Now is the time for telcos to grab the $9.5 billion automated security market – integrated encryption a la Nokia FP5 is a good start.
Appledore Research’s recent report, Automating security, makes a fitting late addition to what has been another rollercoaster year, neatly bringing together two of the most pressing issues for telcos of all kinds – revenue and cybersecurity.
Service providers the world over can be justly proud of their responses to the pandemic, yet telcos entered this year with their shares at a low ebb indeed, despite the fact their core product – connectivity – has never been in such high demand.
Investors, it seems, are put off by their high capital expenditure, almost flat returns, operators’ staggering debts and repeated failure over a decade or more to find substantial new revenue streams. Never mind that investment funds are queuing up to get their hands on communications infrastructure.
Attacking gas, finance and water
Another item to add to their list of woes is that the pandemic has also seen a huge surge in all kinds of cyberattacks: indeed research carried out by Nokia found Distributed Denial of Service (DDoS) is the fastest growing type of traffic on networks.
In the first half of 2021 in the US alone, security breaches led to an interruption in gas supply, a financial firm being locked out of its own network for two weeks and pollution of drinking water.
Why is automation so important? Human error is by a mile the top cause of cloud misconfigurations and other vulnerabilities that lead to breaches in security. So how can telcos grab this lucrative opportunity?
Appledore states that encrypting transmission paths within enterprise customers’ virtual private or wide area networks would be a great start and cites Nokia’s FP5 chip for its Series 7 routers, launched in September, as a good example of this approach.
Tony Kourlas, Director of Product Marketing at Nokia, explained in an interview with Mobile Europe, “We were motivated by DDoSs, which are a growing concern, and the integrity and confidentiality of data in flight…These are the two hottest topics because they cause the most damage”.
He added, “Networks are becoming increasingly porous, by which I mean service providers are increasingly leveraging third-party transport networks that are public and open to breaches by individuals or corporations” or states, of course. As such, he said, “The networks span international boundaries and are beyond [service providers’] jurisdictions, where data can be manipulated.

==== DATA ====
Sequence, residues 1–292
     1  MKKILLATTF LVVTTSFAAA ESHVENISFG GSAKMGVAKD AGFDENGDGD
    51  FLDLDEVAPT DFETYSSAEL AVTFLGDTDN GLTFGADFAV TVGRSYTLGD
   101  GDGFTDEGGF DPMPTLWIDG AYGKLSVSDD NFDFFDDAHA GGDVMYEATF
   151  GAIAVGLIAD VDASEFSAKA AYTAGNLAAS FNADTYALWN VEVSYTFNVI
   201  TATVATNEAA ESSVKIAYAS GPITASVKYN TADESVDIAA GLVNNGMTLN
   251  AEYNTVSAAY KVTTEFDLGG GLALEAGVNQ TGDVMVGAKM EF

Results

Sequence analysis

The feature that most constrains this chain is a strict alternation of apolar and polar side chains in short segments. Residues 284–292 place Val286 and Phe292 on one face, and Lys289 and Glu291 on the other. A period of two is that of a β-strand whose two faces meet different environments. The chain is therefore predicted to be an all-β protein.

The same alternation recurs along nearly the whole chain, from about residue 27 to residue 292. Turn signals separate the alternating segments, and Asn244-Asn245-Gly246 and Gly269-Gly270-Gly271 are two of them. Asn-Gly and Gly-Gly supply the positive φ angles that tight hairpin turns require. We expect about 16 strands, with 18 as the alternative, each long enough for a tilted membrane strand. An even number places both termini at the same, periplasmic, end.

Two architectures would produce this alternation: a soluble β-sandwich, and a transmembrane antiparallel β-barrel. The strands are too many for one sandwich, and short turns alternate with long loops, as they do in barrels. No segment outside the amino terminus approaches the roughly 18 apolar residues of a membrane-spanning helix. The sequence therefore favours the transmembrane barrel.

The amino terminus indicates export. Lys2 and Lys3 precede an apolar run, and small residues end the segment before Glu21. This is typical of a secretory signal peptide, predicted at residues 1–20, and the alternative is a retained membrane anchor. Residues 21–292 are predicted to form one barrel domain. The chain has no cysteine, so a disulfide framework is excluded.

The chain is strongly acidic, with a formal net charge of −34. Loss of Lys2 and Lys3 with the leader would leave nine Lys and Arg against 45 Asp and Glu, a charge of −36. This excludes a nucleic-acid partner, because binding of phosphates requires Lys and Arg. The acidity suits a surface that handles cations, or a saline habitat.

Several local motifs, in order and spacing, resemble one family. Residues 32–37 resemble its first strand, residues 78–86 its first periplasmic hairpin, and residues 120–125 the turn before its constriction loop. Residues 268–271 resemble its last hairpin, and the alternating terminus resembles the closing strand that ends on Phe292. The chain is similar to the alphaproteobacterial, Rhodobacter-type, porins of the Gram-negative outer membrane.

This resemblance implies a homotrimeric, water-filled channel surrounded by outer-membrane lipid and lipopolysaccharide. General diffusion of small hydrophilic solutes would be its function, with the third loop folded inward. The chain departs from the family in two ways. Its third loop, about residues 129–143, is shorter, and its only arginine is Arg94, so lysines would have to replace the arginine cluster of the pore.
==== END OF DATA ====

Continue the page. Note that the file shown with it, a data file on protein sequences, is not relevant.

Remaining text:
“At the same time, there’s a lot of disaggregation – network elements are essentially being blown up into multiple pieces and placed throughout the network and creating a lot more east-west traffic now that is subject to attack.
“Also, there’s a lot of distribution, especially in the context of information; data moving closer to subscribers and a lot more of this east-west traffic…moves to this new edge cloud…so again a lot more opportunity to interfere with data as it flows and manipulate it.”
Not long before the launch of FP4 (in 2017), Nokia acquired an analytics company called Deepfield which specialised in tech to protect against DDoS. Nokia has since developed that tech further, intregating ANYsec – flow-based-based encryption – into the chipset.
ANYsec provides security at layers 2 and 3, which was lacking in FP4, and it’s standards based because it combines the best aspects of MACsec and IPsec, the two primary options for encrypting network traffic.
MACsec is silicon-based and so low latency and relatively cheap, but it’s hop-to-hop architecture introduces risk where one hop ends and the next begins in services like MPLS and segment routing.
IPsec avoid this by taking ‘a single bound’, but it costs more and is slower.
ANYsec deploys several encryption standards from MACsec to support encryption natively over MPLS and segment routing, but without damaging performance or increasing power consumption, according to Nokia, and without the hop to hop approach.
Nokia claims it also supports high-density 800GE (Gigabit Ethernet) router ports – ahead of the optics to support 800GE that are expected to hit the market mid-2022. Nokia claims it can handle throughput of 1.6Tbps, although the standards stop at 800GE.
Further, the Finnish vendor claims the FP5 uses 75% less power than its predecessor (0.1 Watts per gigabit of traffic versus 0.4 Watts on the FP4) due to its 7 nanometer design, down from 16. This has been achieved by consolidating chips for the FP5 thereby reducing the number of connections between them.
Kourlas said, “Right now communications service providers are only protecting less than 5% of customers and they screen a lot and the rest are unprotected because it’s too complicated, too difficult too expensive.
“They’re not rolling out encryption other capabilities throughout their whole network so it’s really a pain basically the way it is right now”. He also pointed to the growing need for lower latency services with 5G and IoT.
He continued, “We said to ourselves, ‘We need to get the network to defend itself more and more’. It can’t do everything, but protecting data in play, protecting against DDoS, then the network connection can do that for itself far mor economically and efficiently than trying to string a whole bunch of appliances around it.
“If you integrate certain security measures from the network, the lower cost is already there, it’s simpler to set up – you just turn it on. Anywhere you have a network footprint, it’s available and far more scalable.”
As the FP5 was only launched in September it’s too soon to tell if its potential has been recognised and adopted by telcos, although there’s certainly been a flurry of promotional activity in recent weeks. We’ll get the first inkling from the reported results for Q4 sometime in the New Year.
That could make interesting reading.